Hunger Kills More Children in Africa Than Anything Else: Study
“It is completely unacceptable that children are still going hungry in Africa in the 21st century.”
Almost 60 million children in Africa do not have enough food while across the continent, hunger contributes to 45% of childhood deaths, according to a study by the African Child Policy Forum (ACPF).
Furthermore, nine out of 10 children are not meeting the the criteria for a minimum acceptable diet as outlined by the World Health Organization (WHO).
The criteria measure the quality, quantity, and how often food is taken, including exclusive breastfeeding, when solid food can be introduced to a diet, and what nutrients should be found in every meal for newborns to children up to 23 months old.
According to the report: “Only two in five children meet the minimum meal frequency; about one in five meets the minimum dietary diversity; and fewer than one in 10 meet the criteria for minimum acceptable diet.”
Findings from the report were presented in Addis Ababa, Ethiopia, at the end of May to a delegation of heads of state, human rights campaigners, and children’s and women’s rights activists.
“It is completely unacceptable that children are still going hungry in Africa in the 21st century," said Dr Assefa Bequele, ACPF’s executive director, in a media statement. "The statistics are truly alarming. Nine out of 10 African children don’t get enough nutritious food. One in three is stunted. Two out of five don’t eat regular meals.”
He added that this is despite Africa currently producing more food than ever. Nevertheless, hunger remains a prevalent issue — largely because the continent is still battling with ongoing challenges, including conflict, that hinder its development and ultimately affect the quality of life.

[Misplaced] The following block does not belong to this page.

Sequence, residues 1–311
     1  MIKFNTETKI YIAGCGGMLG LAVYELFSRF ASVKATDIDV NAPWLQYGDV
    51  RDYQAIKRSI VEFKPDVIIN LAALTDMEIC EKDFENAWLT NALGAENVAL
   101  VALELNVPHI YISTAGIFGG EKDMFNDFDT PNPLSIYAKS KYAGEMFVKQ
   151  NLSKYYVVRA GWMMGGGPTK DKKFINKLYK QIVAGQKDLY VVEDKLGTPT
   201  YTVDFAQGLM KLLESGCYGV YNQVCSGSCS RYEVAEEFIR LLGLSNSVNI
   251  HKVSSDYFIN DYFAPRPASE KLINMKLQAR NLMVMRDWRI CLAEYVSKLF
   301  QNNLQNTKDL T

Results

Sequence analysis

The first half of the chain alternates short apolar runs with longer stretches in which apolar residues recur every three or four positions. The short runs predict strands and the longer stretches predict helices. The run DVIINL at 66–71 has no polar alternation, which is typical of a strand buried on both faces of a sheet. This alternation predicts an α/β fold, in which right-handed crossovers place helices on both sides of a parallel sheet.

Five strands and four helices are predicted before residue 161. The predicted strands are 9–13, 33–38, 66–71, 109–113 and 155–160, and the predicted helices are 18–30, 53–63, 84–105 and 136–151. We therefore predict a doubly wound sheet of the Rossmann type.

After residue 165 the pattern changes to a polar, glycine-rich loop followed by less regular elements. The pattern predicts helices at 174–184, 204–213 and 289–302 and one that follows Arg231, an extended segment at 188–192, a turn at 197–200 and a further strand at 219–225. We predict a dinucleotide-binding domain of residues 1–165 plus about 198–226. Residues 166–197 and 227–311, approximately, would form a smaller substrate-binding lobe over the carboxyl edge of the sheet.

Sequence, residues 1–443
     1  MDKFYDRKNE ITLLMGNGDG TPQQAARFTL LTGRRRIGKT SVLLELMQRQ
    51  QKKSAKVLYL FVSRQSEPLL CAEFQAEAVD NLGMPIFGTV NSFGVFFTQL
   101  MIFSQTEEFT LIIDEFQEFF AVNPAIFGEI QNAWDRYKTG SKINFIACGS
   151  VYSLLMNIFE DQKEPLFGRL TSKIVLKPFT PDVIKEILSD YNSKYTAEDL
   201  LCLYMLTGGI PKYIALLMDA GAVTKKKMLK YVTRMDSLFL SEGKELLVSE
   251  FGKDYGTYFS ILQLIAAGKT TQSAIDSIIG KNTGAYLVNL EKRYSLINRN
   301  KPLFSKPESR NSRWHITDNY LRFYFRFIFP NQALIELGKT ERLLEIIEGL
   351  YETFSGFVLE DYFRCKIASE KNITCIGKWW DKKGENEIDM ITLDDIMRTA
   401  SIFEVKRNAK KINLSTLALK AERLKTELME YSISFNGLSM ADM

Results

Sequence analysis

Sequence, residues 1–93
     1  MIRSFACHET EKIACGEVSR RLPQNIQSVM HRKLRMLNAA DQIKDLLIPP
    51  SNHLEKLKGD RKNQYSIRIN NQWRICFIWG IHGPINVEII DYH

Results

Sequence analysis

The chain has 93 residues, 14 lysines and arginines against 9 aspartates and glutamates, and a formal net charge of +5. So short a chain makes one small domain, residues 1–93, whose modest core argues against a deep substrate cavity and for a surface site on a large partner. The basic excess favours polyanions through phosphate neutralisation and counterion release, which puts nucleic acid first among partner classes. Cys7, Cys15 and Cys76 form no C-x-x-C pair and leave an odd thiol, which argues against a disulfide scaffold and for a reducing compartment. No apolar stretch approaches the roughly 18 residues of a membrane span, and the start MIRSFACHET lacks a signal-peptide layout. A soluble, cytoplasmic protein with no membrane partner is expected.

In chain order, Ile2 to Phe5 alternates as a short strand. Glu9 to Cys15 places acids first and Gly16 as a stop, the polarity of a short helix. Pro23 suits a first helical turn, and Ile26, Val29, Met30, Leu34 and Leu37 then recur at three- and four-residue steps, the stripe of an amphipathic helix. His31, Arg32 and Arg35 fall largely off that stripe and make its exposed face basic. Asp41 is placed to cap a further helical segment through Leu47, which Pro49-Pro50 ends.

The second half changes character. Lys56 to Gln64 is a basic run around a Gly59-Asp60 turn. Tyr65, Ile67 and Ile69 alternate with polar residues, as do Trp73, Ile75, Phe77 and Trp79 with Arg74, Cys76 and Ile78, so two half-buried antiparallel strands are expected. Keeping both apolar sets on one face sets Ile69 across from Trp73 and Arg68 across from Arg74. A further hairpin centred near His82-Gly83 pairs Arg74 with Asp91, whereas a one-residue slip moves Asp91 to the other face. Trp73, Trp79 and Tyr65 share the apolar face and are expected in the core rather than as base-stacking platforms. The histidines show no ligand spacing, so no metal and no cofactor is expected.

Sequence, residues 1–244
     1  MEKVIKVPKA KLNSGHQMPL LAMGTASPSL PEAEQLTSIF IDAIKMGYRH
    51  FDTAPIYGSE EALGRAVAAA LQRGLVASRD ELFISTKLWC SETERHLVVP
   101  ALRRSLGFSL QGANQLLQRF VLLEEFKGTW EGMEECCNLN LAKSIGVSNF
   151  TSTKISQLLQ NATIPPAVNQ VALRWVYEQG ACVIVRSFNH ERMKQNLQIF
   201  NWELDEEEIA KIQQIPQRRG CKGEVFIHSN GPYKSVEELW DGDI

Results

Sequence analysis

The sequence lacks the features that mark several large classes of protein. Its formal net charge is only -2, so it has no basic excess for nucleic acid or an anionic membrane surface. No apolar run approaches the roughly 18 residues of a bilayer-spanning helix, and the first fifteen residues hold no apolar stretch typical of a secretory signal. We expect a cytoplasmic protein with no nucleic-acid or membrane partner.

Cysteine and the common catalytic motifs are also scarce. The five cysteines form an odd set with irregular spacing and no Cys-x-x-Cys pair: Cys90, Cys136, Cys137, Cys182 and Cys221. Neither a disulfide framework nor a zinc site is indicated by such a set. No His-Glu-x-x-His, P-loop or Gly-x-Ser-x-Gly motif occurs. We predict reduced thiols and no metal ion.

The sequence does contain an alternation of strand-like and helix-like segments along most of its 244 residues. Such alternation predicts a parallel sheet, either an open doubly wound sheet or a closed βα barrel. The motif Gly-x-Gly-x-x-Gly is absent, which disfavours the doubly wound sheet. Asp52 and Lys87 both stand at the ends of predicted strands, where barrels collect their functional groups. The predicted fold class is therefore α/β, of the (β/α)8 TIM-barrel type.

Africa still experiences high levels of extreme poverty, unequal economic growth, and gender inequality.
And conflict and climate change “only serve to make it more complicated,” said Bequele.
The study also found that “globally, a child dies every three seconds due to hunger.”
Central Africa has the highest rates of child hunger across the continent, with 48.5% of children in the region not having enough food. It’s 32.4% in East Africa; 30.9% in Southern Africa; 29.5% in West Africa; and 12.4% in North Africa.
“Child hunger remains a persisting and a pressing problem in Africa,” said Bequele. “No less significantly, it diminishes children’s sense of worth, their self-esteem, and dignity. It also leads to anti-social behaviour and crime. It is a most demeaning form of deprivation with huge personal, social, and economic costs. And it is a huge problem in Africa.”
But Bequele said hunger is a political problem that needs political will and action from African leaders. Graça Machel, chair of ACPF’s international board of trustees said in a statement that governments need to prioritise gender equality if the joint issues of hunger and extreme poverty are to be ended.
“Women and girls, along with children from poor and rural backgrounds, suffer the most from hunger,” she said. “In some countries, stunting rates are twice as high among rural children as among their urban counterparts.”